Wednesday, May 18, 2005

Spanish For Health Care Professionals

I was reding this post from May over at About A Nurse, and I couldn't help but tell her about the book Spanish for Health Care Professionals .

I managed to find my copy at Half Price Books (a used book store chain, you might have one in your area) but I would have to say it is definately worth full price. It reads sort of like a friendly spanish lesson, but teaches you how to say what you want in 'common language' spanish (the words and the pronunciations), rather than trying to make things too difficult. It's also got everything I can imagine to do any sort of medical assessment and history collection, broken down by chapters arranged in each category (i.e. peds, MVA, chest pain, elder care, even how to use the call light and the menu). It's not a huge book, but I can't think of anything I would want to say that isn't covered in it.



Vamos a sacar un poco de sangre de su vena = We're going to draw a little blood from your vein.

Se queda sin aliento despues de hacer un esfuerzo? = Do you get short of breath upon exertion?
Posted by HypnoKitten at 10:49 PM
3 Comments:

Blogger may, at 10:57 AM  

thanks...this is probably the best time to use the Barnes and Noble gift card i got for christmas.

hopefully, when i finally learn a line or two of spanish, the patients will not start relating their whole life in spanish, thinking i am a pro. it always happens you knoow.

Blogger mamalife, at 4:46 PM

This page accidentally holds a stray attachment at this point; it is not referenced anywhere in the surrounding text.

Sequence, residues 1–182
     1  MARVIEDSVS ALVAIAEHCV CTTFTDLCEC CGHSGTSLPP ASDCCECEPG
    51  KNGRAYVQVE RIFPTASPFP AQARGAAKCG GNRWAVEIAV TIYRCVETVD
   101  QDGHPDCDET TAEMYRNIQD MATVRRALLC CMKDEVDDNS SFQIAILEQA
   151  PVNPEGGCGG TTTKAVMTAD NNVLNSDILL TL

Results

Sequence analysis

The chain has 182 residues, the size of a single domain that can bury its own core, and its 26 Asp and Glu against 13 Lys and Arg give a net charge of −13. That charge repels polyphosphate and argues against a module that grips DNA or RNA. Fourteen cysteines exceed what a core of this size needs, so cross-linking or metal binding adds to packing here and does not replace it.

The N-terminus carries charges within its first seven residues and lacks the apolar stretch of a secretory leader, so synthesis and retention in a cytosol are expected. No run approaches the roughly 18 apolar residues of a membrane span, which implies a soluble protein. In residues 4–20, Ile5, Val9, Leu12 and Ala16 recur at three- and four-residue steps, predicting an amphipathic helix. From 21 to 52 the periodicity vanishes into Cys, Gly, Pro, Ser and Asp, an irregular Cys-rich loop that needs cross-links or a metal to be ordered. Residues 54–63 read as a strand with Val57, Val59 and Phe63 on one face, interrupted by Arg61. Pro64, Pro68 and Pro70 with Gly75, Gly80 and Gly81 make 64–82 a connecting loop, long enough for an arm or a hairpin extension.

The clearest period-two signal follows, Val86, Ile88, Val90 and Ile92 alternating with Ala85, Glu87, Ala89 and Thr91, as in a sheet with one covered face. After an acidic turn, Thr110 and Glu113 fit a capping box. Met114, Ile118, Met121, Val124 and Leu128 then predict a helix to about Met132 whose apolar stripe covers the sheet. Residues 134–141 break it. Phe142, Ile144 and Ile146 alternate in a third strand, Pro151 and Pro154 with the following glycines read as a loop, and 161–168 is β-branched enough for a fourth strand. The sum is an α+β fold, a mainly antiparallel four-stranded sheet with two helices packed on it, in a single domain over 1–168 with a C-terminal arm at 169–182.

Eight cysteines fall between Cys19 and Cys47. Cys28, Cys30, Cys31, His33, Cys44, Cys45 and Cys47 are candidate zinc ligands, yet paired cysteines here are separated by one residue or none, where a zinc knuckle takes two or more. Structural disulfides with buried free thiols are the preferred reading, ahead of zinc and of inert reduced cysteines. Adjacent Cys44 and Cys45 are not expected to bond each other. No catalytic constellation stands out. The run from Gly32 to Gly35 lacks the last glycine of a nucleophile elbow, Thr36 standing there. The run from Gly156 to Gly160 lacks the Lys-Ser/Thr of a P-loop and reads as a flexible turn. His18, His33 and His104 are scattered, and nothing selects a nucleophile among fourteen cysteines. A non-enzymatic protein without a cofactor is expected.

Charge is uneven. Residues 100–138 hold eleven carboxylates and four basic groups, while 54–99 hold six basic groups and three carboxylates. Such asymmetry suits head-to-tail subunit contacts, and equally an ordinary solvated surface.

Oh, I SO could have used that at work yesterday. Dads are generally clueless anyway. (no offense to all you non-clueless dads out there!) Then make that a dad who has never been to our office before, with his 8 year old daughter who has only been once before, two days ago, with her mother. That would be her mother who speaks very, very little english. And her father who also speaks very, very little english. My question to the 8 year old child, "Has your mom been giving you the medicine the doctor prescribed?" Though she speaks english, she looks at me as if I am speaking Japanese and does not answer. "The thick white medicine." I clarify. "Um, maybe, I think so." she says. NOT that I think dad would have known if she had been taking her medicine even if there had not been a language barrier!

Blogger Keith, RN, at 9:20 PM  

I am essentially bilingual (English-Spanish) and my Spanish skills have landed me all of my nursing jobs, so far. I highly recommend doing anything you can to add Spanish to your "clinical toolbox". Latinos will become the majority in the US by 2020, so learning Spanish is economically very advisable at this time.

There are many good schools in Central America where you can study of a month or so very reasonably.

Hasta luego.

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